12 July, 2010
09 July, 2010
Well it opens today and below is a cut and paste job of the glowing NYT review.
I’m tempted to start this review by falling back on a tried-and-true movie critic formulation and saying something like “Lisa Cholodenko’s ‘Kids Are All Right’ is the best comedy about an American family since ...” Since what? Precedents and grounds for comparison seem to be lacking, so I may have to let the superlative stand unqualified for now.
Which is fine: Ms. Cholodenko’s film, which she wrote with Stuart Blumberg, is so canny in its insights and so agile in its negotiation of complex emotions that it deserves to stand on its own. It is outrageously funny without ever exaggerating for comic effect, and heartbreaking with only minimal melodramatic embellishment.
But its originality — the thrilling, vertiginous sense of never having seen anything quite like it before — also arises from the particular circumstances of the family at its heart. There is undeniable novelty to a movie about a lesbian couple whose two teenage children were conceived with the help of an anonymous sperm donor. Families like this are hardly uncommon in the real world, but Ms. Cholodenko (“Laurel Canyon,” “High Art”) and Mr. Blumberg have discovered in this very modern arrangement a way of refreshing the ancient and durable wellsprings of comedy.
“The Kids Are All Right” starts from the premise that gay marriage, an issue of ideological contention and cultural strife, is also an established social fact. Nic and Jules, a couple with two children, a Volvo and a tidy, spacious house in a pleasant suburban stretch of Southern California, are a picture of normalcy.
Which is to say that they are loving, devoted, responsible and a bit of a mess. Some of this is midlife malaise: not quite a crisis, at least not at first. Nic (Annette Bening), an OB-GYN, is the breadwinner and principal worrier. Jules (Julianne Moore), who has dabbled in various careers while taking care of the children, is restless and maybe just a little flaky. They are comfortable with each other, more or less content, but also frustrated, confused, a bit out of sorts. As I said: normal.
It is almost impossible to find the right shorthand for these women. Their speech patterns and habits certainly seem familiar. The screenwriters’ ear for the way therapeutic catchphrases and hazy insights recalled from college reading lists filter into everyday conversation is as unerring as Ms. Moore’s offbeat comic timing or Ms. Bening’s tactical use of silence. But though they are recognizable, Nic and Jules are hardly predictable; they are not types, but people, and the acid of satire is applied to them sparingly and sensitively enough to avoid corroding the essential empathy that grounds the movie.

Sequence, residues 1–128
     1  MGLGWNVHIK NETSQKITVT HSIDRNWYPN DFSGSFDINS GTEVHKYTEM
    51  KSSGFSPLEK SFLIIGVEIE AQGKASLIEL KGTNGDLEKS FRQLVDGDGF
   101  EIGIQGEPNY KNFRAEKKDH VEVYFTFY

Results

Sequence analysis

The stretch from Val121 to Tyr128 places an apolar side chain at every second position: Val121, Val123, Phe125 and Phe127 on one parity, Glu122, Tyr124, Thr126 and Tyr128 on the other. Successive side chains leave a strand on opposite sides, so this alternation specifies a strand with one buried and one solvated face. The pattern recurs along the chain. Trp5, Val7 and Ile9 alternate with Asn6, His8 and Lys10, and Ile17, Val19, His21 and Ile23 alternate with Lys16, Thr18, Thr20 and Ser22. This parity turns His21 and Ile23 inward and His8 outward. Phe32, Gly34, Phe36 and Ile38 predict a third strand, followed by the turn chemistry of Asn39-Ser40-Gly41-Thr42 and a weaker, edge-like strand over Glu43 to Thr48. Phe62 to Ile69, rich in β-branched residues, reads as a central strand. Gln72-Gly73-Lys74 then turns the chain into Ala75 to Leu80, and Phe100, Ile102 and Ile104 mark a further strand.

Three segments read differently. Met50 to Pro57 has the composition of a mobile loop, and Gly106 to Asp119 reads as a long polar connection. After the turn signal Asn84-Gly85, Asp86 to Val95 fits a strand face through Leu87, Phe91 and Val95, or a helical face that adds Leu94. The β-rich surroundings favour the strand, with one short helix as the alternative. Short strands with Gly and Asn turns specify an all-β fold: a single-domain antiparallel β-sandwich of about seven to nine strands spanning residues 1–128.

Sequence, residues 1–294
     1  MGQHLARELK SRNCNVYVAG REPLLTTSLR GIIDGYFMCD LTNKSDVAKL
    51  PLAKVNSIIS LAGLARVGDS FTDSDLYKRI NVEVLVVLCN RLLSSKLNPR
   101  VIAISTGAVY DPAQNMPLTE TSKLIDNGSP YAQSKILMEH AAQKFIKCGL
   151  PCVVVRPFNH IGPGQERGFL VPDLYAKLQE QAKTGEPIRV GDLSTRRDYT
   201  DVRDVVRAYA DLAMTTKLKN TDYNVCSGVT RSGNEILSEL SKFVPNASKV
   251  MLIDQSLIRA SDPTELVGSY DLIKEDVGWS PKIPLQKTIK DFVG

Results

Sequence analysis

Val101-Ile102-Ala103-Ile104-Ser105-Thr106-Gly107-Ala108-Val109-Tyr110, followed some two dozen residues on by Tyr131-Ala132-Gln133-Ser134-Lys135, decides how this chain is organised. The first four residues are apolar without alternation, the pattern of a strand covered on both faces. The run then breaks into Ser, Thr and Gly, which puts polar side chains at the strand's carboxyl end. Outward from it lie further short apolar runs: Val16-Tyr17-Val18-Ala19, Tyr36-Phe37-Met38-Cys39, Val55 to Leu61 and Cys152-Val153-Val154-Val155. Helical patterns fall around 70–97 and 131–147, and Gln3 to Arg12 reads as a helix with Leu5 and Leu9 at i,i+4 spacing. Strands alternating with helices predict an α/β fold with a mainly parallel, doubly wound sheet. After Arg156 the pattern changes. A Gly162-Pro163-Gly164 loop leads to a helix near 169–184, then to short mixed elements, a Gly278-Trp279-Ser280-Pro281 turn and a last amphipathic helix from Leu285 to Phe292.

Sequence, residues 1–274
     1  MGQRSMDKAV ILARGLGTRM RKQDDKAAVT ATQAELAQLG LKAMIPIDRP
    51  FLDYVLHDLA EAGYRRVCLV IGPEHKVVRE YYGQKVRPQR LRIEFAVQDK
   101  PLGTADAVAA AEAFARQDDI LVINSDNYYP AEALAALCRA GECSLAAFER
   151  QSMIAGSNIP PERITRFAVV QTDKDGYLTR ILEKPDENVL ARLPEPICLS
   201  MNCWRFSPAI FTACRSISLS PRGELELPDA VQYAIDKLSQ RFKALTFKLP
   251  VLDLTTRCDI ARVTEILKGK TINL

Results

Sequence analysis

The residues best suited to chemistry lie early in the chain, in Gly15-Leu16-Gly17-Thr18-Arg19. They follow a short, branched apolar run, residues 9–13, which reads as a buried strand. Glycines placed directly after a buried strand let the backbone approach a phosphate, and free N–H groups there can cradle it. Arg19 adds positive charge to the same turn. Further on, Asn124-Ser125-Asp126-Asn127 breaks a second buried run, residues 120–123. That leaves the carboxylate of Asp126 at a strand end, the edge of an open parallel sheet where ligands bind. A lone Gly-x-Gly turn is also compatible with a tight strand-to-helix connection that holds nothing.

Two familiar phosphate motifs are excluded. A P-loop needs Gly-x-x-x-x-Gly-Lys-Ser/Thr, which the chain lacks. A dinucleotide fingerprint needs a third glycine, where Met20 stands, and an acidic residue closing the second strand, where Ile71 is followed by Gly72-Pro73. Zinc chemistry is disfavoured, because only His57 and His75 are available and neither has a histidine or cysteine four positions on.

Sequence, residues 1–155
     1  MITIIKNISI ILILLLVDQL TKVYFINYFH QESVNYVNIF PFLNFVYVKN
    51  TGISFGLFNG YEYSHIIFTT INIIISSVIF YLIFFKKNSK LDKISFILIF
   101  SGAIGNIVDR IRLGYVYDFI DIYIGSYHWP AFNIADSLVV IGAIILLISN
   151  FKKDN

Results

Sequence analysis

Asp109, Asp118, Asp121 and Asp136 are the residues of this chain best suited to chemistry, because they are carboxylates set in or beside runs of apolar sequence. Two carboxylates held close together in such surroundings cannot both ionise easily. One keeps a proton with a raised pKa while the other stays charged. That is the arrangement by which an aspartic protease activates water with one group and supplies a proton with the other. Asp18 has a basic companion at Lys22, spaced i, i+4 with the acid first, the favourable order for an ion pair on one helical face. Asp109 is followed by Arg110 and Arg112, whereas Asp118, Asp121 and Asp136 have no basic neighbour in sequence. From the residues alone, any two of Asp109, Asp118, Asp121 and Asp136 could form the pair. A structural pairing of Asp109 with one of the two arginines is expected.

Of course, in every family empathy has its limits. Nic and Jules don’t always communicate very well, and their children — the 18-year-old Joni (Mia Wasikowska) and her 15-year-old brother, Laser (Josh Hutcherson) — have reached the stage when parents seem like alien, irrational and outmoded beings. Your parents are supposed to understand you (not that they ever can), while you have no choice but to tolerate them.
Joni, about to leave for college, is trying to figure out the terms of her fast-approaching independence, while Laser follows along behind his best friend, a bullying goofball named Clay (Eddie Hassell). Laser’s wide-eyed fascination at the sight of Clay rough-housing with his father registers curiosity and barely articulated longing. What would it be like to have a dad? To help him find out — and to shut him up — Laser’s skeptical, kindhearted sister tracks down the sperm donor, who turns out to be a restaurant owner and organic farmer named Paul.
The shorthand description of Paul is that he is played by Mark Ruffalo, with specific reference to the goodnatured, feckless brother Mr. Ruffalo played in “You Can Count on Me.” Paul is sort of like a cleaned-up, more self-confident version of that guy, with the same hesitant intonation, crooked smile (behind a graying goatee) and slightly dangerous charm. When Joni calls him, Paul, a good sport and a bit of an adventurer, gamely accepts her invitation to meet the family (“I love lesbians!”), and his relaxed manner smoothes over an awkward initial meeting.